ISLAMABAD, 9 October 2012 – Mir Hazar Khan Bijrani, Minister of Inter-Provincial Coordination announced the introduction of a new vaccine to protect Pakistani children from pneumonia – a disease that takes the lives of approximately 1.3 million children globally before their fifth birthday. With this launch, Pakistan is the first country in South Asia to introduce the pneumococcal vaccine. “As the first country in South Asia to introduce the pneumococcal vaccine, Pakistan’s commitment to immunizing all children against vaccine preventable diseases is to be applauded,” said Dan Rohrmann, UNICEF Pakistan Country Representative. “We are proud to partner with the Government of Pakistan in its efforts to inoculate millions of children against a disease that continues to take too many lives.”

More: http://www.who.int/immunization/newsroom/press/pakistan_first_country_pneumonia/en/index.html

U.S. HHS announces Implementation Plan for the 2010 National Vaccine Plan:

The U.S. HHS announced the Implementation Plan for the 2010 National Vaccine Plan:

Implementation Plan Development and Structure

The National Vaccine Plan Implementation was developed by an interagency working group representing U.S. Department of Health and Human Services (HHS) agencies involved in all aspects of vaccines and immunizations. This working group additionally consulted with partner government agencies outside of HHS, including the U.S. Agency for International Development, the Department of Veterans Affairs (VA), and the Department of Defense (DOD). Individual stakeholder input was obtained through a series of meetings, and is described further below.

The Implementation Plan follows the architecture of the National Vaccine Plan, is organized by the five goals, and focuses on the objectives and strategies related to achieving the 10 priorities described in the Plan (following). These priorities were established with input from the Institute of Medicine, the National Vaccine Advisory Committee, and the interagency working group. They provide strategic action steps to ensure the national has a robust immunization program. The priorities can relate to more than one goal in the National Vaccine Plan, but are presented with the most relevant goal within the Implementation Plan.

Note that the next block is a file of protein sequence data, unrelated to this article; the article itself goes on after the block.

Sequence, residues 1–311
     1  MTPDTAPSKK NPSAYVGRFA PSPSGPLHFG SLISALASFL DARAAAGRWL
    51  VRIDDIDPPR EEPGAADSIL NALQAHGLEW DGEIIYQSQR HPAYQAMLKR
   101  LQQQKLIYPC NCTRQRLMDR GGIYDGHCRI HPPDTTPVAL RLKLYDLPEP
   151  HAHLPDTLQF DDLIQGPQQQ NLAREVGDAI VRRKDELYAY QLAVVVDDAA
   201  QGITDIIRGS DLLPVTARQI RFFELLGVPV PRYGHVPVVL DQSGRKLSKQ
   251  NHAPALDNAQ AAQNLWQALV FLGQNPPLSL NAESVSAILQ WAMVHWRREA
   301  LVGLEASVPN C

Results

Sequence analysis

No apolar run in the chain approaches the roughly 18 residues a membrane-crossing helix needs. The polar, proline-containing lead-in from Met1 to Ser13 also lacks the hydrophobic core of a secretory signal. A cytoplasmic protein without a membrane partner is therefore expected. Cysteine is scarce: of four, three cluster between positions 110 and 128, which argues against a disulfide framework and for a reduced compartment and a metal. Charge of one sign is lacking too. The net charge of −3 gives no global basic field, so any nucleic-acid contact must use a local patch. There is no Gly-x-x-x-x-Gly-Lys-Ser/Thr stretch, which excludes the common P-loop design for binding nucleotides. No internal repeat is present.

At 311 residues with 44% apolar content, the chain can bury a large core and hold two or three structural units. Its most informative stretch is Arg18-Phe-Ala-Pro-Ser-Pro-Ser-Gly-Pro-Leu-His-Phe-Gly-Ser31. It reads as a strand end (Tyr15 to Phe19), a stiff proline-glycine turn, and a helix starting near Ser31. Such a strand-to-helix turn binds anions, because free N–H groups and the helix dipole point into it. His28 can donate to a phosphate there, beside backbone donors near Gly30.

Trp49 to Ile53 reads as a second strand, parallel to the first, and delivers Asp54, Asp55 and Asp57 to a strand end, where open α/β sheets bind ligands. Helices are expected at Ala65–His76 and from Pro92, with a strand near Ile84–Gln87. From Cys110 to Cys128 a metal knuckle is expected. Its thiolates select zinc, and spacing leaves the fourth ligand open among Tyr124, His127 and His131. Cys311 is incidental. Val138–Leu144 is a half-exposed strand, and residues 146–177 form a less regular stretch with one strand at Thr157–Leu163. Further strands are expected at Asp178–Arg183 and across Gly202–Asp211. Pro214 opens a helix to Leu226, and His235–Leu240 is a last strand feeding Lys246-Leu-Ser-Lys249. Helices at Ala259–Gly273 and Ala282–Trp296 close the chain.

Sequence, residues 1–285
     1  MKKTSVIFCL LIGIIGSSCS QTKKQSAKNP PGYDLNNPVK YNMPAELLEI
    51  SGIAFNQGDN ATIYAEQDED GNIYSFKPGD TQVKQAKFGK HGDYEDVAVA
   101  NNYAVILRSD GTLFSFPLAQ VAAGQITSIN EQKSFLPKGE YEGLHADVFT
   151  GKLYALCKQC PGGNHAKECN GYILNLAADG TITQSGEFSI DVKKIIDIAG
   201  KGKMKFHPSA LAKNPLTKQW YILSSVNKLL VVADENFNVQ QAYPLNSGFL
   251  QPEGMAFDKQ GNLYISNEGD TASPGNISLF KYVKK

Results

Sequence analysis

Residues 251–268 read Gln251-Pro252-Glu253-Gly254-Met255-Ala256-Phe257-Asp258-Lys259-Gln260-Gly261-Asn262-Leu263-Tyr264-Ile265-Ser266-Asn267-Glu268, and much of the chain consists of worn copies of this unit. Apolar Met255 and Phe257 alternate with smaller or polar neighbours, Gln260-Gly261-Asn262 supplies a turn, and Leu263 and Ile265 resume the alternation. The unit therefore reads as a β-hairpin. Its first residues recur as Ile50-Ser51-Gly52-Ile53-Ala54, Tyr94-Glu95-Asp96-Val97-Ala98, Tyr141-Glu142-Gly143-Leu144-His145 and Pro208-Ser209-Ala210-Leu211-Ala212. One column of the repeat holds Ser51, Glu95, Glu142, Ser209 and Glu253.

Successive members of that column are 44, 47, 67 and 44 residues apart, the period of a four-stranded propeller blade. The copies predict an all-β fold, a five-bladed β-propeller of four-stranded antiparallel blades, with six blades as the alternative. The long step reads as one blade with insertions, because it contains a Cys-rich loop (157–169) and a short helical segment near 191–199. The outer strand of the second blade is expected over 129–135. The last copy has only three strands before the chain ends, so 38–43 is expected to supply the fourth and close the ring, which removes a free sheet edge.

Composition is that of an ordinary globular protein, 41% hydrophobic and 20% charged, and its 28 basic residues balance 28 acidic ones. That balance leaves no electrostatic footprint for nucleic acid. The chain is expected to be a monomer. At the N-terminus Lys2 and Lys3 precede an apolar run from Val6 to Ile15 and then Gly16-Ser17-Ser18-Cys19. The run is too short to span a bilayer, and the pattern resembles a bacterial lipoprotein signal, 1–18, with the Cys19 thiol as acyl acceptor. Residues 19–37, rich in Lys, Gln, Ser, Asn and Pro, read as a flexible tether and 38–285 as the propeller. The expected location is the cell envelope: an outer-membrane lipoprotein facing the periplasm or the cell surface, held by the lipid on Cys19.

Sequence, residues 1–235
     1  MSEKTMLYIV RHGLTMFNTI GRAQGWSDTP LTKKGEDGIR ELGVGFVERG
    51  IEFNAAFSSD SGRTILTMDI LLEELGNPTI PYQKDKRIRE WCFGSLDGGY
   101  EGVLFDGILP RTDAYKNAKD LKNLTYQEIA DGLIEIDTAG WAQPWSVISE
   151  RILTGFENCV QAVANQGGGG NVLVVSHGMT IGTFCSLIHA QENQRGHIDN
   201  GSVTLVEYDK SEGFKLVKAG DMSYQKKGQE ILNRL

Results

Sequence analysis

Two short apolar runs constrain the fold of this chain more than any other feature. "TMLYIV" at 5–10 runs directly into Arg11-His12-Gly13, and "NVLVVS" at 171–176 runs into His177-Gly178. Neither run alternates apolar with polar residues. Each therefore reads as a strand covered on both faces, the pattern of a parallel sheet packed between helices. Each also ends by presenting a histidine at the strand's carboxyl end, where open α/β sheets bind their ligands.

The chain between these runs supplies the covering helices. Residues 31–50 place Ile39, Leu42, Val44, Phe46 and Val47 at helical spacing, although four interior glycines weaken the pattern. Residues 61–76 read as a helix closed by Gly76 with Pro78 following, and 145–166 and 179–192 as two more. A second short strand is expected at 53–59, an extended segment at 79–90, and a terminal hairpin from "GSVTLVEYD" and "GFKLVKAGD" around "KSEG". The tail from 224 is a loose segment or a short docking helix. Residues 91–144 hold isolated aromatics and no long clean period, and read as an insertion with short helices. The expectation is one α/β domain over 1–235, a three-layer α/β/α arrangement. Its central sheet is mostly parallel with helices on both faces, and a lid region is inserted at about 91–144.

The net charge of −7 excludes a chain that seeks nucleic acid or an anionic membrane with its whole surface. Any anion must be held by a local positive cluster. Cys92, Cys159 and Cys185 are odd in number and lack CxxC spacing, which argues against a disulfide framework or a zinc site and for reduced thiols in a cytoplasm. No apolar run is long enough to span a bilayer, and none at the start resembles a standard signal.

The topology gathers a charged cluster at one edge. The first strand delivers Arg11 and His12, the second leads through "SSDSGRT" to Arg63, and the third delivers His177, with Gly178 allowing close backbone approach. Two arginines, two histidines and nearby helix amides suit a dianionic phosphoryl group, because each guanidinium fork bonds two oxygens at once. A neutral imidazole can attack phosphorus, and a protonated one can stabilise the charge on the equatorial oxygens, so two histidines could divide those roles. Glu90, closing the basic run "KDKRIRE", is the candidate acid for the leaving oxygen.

The Plan is built around five broad goals:

Goal 1: Develop new and improved vaccines.

Goal 2: Enhance the vaccine safety system.

Goal 3: Support informed vaccine decision-making.

Goal 4: Ensure a stable supply of, access to, and better use of recommended vaccines in the United States.

Goal 5: Increase global prevention of death and disease through safe and effective vaccination.

National Vaccine Plan Priorities for Implementation
A. Develop a catalogue of priority vaccine targets of domestic and global health importance. (Goal 1)

B. Strengthen the science base for the development and licensure of new vaccines. (Goals 1 and 2)

C. Enhance timely detection and verification of vaccine safety signals and develop a vaccine safety scientific agenda. (Goal 2)

D. Increase awareness of vaccines, vaccine-preventable diseases (VPDs), and the benefits/risks of immunization among the public, providers, and other stakeholders. (Goal 3)

E. Use evidence-based science to enhance vaccine-preventable disease surveillance, measurement of vaccine coverage, and measurement of vaccine effectiveness. (Goal 4)

F. Eliminate financial barriers for providers and consumers to facilitate access to routinely recommended vaccines. (Goal 4)

G. Create an adequate and stable supply of routinely recommended vaccines and vaccines for public health preparedness. (Goal 4)

H. Increase and improve the use of interoperable health information technology and electronic health records. (Goal 4)